In this work, the experimental THz spectroscopy technique was significantly improved for sensitivity and reliability thus resulting in more reliable signatures from macromolecules and bacterial cells/spores. Earlier it was only possible in most cases to receive intensities of vibrational modes in transmission not higher than 1-2% when solid samples characterized. The correct choice of substrate type, material concentration in solution or suspension and material alignment in thin layer deposition procedure permitted us to significantly enlarge intensities of modes and reproducibility of frequencies of resonance features when using Bruker FT66v. Transmission /absorption spectra observed in this study, taken with a spectral resolution of 0.25 cm-1 using FT spectrometer with a detector operating at 1.7 K are rich in well resolved features having spectral widths of ~0.5–1 cm-1. The reproducibility of experimental results was verified and confirmed. Similar experimental technique wassuccessfully applied in the last several years to enhance spectroscopic features from not only natural macromolecules and bacterial cells/spores[31], but from artificial molecules as well[18, 34-35], thus resulting in more reliable signatures.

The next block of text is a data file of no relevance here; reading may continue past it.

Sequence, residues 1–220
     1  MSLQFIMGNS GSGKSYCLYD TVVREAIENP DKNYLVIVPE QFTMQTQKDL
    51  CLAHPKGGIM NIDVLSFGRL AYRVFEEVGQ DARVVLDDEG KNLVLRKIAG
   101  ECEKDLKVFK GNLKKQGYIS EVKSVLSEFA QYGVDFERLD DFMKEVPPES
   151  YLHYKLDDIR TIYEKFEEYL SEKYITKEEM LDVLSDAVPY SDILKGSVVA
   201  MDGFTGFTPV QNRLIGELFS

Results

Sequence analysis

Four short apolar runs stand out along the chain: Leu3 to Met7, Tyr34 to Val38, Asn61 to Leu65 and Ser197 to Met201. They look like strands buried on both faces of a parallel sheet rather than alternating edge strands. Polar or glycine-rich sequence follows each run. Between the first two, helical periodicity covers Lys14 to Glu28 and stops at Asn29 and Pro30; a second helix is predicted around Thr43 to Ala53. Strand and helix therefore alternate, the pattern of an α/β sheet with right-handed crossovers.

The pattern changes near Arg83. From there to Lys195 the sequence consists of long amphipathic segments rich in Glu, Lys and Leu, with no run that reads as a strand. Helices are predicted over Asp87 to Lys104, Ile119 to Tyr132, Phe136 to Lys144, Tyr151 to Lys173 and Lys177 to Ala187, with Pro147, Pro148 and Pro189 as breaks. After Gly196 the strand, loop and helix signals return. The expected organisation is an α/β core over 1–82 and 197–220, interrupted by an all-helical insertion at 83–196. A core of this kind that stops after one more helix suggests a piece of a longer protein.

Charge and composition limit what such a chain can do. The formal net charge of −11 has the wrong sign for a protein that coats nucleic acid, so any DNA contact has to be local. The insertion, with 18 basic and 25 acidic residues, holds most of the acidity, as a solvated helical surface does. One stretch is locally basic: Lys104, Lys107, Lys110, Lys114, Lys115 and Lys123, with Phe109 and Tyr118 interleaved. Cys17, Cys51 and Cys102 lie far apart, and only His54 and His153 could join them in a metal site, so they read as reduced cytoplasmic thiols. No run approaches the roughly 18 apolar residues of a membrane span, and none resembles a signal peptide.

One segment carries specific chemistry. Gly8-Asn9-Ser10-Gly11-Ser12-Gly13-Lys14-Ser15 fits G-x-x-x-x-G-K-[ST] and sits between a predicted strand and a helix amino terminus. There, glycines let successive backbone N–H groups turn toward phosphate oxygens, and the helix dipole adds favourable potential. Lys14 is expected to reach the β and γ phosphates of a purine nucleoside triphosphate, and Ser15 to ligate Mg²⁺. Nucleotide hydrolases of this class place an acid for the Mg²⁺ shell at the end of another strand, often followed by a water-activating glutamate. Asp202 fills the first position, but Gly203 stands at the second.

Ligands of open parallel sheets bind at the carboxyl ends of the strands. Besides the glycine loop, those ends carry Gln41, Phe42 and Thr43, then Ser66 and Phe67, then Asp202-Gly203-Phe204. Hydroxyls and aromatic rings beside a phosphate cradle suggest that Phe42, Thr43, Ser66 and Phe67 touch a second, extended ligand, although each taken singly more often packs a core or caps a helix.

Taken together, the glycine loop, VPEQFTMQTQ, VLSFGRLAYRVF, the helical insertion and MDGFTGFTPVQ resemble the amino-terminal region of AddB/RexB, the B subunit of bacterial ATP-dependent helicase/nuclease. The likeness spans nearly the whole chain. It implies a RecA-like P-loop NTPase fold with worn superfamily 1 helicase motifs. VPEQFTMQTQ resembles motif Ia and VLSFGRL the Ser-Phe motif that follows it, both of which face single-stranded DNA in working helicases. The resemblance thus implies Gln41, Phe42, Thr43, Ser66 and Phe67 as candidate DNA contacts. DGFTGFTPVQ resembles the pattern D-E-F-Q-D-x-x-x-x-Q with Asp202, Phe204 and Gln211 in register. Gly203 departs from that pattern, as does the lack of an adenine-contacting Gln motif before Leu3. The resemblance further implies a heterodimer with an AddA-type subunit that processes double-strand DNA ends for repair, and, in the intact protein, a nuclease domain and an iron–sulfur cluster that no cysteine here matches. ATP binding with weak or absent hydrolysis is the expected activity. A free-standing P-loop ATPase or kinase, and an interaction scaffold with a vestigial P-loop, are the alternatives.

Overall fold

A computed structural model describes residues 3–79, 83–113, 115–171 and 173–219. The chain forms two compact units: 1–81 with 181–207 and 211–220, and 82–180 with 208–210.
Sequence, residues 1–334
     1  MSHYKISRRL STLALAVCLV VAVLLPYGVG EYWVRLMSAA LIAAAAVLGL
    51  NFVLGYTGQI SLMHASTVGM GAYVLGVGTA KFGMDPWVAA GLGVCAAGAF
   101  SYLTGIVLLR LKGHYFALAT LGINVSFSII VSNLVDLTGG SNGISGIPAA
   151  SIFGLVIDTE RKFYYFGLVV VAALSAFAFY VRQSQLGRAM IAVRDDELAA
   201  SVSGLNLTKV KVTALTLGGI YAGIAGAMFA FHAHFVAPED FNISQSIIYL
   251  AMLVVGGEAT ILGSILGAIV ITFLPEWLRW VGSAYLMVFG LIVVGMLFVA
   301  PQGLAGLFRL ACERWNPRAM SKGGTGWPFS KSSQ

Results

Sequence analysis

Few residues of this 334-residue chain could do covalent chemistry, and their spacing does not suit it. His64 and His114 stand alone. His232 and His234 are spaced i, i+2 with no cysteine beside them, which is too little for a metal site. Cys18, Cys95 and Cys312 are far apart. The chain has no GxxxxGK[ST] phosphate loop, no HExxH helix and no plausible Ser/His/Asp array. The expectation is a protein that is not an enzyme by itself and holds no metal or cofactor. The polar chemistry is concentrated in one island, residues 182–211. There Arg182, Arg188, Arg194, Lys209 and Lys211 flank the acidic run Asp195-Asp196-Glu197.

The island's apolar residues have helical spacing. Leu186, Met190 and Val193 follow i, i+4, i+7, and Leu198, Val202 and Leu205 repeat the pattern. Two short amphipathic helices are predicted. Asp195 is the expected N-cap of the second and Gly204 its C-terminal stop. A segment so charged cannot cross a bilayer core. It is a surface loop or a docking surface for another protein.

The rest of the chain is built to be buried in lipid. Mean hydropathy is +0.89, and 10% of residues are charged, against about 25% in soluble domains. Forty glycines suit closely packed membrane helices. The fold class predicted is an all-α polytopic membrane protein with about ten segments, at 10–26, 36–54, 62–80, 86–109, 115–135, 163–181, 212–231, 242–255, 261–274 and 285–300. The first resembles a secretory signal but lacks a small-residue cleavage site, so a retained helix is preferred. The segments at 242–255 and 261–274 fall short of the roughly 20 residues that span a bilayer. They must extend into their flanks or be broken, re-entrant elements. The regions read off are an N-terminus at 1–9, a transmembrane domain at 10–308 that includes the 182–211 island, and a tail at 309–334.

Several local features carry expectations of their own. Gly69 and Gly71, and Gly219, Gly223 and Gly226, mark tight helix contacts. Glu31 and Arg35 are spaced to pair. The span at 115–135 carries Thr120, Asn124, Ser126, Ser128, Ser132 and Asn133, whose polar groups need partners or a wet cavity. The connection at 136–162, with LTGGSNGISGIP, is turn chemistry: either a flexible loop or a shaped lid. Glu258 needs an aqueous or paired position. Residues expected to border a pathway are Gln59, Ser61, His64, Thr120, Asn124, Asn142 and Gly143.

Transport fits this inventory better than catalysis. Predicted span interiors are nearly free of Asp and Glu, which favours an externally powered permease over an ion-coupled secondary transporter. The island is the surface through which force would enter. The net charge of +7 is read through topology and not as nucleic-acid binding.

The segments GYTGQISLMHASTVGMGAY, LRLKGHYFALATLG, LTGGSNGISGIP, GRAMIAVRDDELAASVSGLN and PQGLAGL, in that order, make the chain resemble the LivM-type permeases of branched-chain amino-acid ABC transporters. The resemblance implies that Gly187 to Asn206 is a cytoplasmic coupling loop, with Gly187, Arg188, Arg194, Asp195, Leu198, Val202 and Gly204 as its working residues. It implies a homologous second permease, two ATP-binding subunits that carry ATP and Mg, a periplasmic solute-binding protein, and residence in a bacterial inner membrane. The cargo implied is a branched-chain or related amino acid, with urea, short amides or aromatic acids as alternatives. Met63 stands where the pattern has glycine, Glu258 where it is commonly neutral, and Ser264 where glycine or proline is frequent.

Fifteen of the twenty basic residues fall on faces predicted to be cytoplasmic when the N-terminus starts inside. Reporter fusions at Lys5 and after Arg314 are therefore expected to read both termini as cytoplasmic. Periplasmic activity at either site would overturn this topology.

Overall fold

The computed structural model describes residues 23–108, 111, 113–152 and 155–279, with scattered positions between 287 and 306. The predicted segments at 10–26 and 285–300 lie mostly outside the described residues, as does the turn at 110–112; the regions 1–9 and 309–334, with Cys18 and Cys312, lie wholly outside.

One of the goals of this research is to demonstrate that FT spectroscopy in the range of 10–25 cm-1 is sensitive enough to reveal characteristic spectral features from bio-cells and spores and their molecular components, to verify the differences between species, and to show the response of spores to vacuum and response of cultured cells to heat. Analysis of the sub-THz absorption spectra revealed some differences between species of B. subtilis and E. coli. High temperature treatment (~100℃) was used as a method of destruction of living cells and it was found to have a detectable effect on transmission/ absorption spectra by changing certain resonance frequencies. Effects that desiccation has on the transmission spectra of spores were studied as well. The FT IR spectroscopy appears to be sensitive enough to detect the differences between cultured (grown in the laboratory) and thermally treated cells. It has also been demonstrated that different substrates can modify the orientation of bacterial cells in the sample. The orientation effects are more pronounced in DNA spectra since molecules can be significant in length (compared to width) and therefore can be preferentially oriented during sample preparation. In addition, absorption spectra have been studied for quantitative characterization of samples with different amount of biomaterial.